Overview - To power the 1w white led I used a mr16 led driver to deliver the 350mA constant current. 12v is needed to run the mr16 so I used a XL6009 3-12v in to 12-24v out boost converter to up the 3.7v of the 18650 to the 12v needed. Lastly a tp4056 module was attached directly to the battery to allow charging using a micro usb cable. I used the sketch above to work from. If you find my explanation doesn't quite do it for you maybe the sketch might be easier to understand.

Step 3: Next

After soldering a red wire to one side of the on/off switch & 2 red wires to the other I then drilled a hole in the case & pushed the switch in place. Placing the aluminum star heatsink for the led approx. where I felt it should go on the tictac box I put 2 felt pen marks on the case where the led wires go through the case. Drilled these small holes then hot glued the led aluminum star heatsink to the plastic tictac case. This will hopefully dissipate some of the heat developed by the led into the plastic case.

Turns out fastening the 1w led's star heatsink with hot glue to the case is not the way to go. Duhh! Lasted maybe ten whole minutes before the heat from the led sprung the led star from the case.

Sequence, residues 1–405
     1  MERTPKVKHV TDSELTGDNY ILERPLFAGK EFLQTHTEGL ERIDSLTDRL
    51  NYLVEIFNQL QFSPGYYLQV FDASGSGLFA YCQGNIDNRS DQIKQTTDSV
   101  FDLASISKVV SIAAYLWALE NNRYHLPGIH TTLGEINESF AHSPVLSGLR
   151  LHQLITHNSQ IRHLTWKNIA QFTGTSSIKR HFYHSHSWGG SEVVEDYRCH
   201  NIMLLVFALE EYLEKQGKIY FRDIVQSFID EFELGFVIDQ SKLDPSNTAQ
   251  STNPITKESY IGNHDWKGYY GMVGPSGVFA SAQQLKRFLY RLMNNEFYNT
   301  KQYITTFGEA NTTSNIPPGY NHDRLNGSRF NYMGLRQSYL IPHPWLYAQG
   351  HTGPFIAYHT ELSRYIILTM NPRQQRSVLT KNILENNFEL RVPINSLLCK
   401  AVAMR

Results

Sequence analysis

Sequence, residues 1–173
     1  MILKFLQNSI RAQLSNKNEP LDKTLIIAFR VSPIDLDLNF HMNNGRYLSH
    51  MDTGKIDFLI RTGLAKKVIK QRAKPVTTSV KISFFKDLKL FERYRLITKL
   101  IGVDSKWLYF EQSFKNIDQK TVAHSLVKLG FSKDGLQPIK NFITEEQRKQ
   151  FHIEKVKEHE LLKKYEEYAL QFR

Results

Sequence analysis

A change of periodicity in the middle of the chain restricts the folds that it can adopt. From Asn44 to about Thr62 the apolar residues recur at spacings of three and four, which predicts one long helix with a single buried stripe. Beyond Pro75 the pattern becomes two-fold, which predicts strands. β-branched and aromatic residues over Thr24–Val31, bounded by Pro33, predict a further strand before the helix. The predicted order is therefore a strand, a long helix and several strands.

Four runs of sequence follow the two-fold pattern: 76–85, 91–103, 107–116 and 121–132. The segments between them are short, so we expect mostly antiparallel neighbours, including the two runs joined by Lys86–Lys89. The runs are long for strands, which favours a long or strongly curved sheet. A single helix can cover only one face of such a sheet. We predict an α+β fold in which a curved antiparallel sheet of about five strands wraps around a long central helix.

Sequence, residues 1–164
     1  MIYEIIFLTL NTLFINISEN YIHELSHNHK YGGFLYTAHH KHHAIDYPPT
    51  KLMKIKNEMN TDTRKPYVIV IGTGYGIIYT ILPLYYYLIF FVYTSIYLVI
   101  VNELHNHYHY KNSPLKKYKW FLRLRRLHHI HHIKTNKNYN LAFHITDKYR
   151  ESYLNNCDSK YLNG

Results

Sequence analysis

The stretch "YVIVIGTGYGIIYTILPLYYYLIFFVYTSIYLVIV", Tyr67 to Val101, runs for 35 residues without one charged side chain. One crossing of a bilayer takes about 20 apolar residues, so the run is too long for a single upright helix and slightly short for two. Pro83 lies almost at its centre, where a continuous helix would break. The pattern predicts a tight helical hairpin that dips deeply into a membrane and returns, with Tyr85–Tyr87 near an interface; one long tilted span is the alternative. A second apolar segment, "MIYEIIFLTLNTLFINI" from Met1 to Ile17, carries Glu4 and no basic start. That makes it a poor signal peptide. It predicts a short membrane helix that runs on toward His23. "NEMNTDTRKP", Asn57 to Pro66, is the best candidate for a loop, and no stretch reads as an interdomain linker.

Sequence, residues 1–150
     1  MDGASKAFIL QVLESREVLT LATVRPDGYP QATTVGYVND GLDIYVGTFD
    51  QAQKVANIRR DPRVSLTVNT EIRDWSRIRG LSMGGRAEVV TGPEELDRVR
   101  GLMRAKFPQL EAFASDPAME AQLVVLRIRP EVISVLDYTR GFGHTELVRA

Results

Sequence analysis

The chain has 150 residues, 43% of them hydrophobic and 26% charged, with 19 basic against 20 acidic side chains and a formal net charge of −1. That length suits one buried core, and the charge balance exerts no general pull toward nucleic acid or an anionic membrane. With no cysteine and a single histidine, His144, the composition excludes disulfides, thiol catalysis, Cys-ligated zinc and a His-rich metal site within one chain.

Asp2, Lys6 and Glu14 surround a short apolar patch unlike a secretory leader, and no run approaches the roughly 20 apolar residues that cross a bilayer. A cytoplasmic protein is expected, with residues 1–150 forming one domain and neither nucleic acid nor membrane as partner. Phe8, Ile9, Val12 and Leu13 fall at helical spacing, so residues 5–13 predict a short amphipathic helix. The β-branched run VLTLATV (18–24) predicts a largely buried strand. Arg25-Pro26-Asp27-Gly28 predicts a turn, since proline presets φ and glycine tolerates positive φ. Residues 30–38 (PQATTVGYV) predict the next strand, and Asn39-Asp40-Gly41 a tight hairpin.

Step 4: Thermal Adhesive

I haven't worked with this particular adhesive before & I don't know if it will adhere aluminum to plastic but feel it's worth a try. It's called Arctic Alumina Thermal Adhesive & it comes in 2 syringe-like tubes that need to be mixed in equal parts before applying to the parts. Simple to use, keeping my fingers crossed.

Step 5: That's It...!??!?

With the tp4056 placed at the top so the micro usb can be accessed by opening the tic tac dispenser lid.

I imagine with a little forethought the electronics can be fit in the container in an orderly fashion. Not crammed in as mine! The optical lens is sitting a bit wonky until it's hot glued in place. I'm thinking I might change the lens for a wide angle so I haven't glued it in place.